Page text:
Marcos Amano (L), manager of the Robin Hood Foundation serves lunch at Robin Hood House, a centre that provides services to the economically disadvantaged in Bergen, southwestern Norway, in March, 2012.

Norway's jobless rate surprisingly rose to 3.7% in March, 2013, up from 3.5% in December, 2012, as a recession in the eurozone hurt the western European economy.

Nearly 100,000 people, or 3.7% of the country's work force, were unemployed in March 2013, higher than analyst's expectations, government data showed.

Data showed there were 4,000 more unemployed people in March, 2013 (the three month average of February-April named by the middle month) than in December, 2012 (the average of November-January).

The Norwegian Unemployment Rate was expected to remain unchanged at 3.5%, while 2.6 million people, translating into 68.6% of the country's population, are employed.

The eurozone officially entered into the longest ever recession, since records began in 1995, after the economy contracted for the sixth consecutive quarter. According to the European Union's (EU) statistics office Eurostat, the 17-nation economy shrunk 0.2% in the January to March period in 2013.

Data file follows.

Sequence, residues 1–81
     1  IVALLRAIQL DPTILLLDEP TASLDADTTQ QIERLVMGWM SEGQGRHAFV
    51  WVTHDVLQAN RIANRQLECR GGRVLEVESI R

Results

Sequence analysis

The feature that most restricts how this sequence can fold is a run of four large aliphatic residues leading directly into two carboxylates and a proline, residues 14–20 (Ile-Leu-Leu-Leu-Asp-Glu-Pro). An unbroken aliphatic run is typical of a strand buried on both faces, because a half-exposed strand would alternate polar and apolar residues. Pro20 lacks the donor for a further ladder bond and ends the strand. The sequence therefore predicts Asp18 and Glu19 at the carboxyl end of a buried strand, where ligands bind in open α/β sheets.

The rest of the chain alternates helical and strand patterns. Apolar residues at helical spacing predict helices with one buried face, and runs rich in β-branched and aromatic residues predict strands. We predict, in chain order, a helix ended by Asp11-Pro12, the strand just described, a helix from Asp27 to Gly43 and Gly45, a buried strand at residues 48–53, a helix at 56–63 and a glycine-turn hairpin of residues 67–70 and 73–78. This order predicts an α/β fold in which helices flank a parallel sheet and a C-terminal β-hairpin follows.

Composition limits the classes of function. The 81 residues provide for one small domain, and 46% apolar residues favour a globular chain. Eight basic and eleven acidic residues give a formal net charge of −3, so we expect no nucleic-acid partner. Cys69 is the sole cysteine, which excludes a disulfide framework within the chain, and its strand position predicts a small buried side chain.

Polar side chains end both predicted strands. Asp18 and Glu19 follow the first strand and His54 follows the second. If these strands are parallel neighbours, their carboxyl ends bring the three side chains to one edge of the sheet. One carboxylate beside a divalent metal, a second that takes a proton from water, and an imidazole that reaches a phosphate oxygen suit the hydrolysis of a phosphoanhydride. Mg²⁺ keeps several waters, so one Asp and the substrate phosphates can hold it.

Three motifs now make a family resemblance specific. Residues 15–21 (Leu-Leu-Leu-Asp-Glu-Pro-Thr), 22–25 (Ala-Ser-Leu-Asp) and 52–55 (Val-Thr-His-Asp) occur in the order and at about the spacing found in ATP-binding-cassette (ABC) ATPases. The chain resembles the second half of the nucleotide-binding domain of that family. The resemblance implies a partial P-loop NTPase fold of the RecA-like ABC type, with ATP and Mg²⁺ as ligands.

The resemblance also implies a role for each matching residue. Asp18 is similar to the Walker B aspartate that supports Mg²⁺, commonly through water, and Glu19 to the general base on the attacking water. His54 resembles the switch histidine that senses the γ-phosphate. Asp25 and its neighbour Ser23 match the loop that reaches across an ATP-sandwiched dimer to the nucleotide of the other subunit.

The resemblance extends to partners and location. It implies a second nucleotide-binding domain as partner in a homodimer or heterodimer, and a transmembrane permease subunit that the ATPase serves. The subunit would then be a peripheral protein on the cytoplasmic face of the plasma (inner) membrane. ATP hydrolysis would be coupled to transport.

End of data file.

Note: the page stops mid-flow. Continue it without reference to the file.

In comparison, unemployment in the EU15 moved up 0.3 percentage points in March, to 11.2%. Unemployment in Denmark dipped 0.2 percentage points to 7.2% in March. But in Sweden, unemployment went up 0.4 percentage points in March, to 8.4%, Statistics Norway data showed.

In the US, 7.6% of the labour force was unemployed in March 2013, down 0.2 percentage points from December, 2012.

Earlier in May, the Norwegian government cut its growth forecast for 2013, from 2.9% to 2.6%. Oil wealth is largely responsible for protecting the country from the fallout of the eurozone debt crisis.

Including oil, GDP growth estimates in western Europe's largest exporter of the black gold were lowered by nearly 50%, to 1.4%, after Statoil, the country's largest energy firm, was hit by lower production and weaker gas prices.

The krone has weakened 2.7% versus the euro since the beginning of the calendar year.

Parliamentary elections in Norway are due in September this year and the ruling centre-left government is expected to lose elections.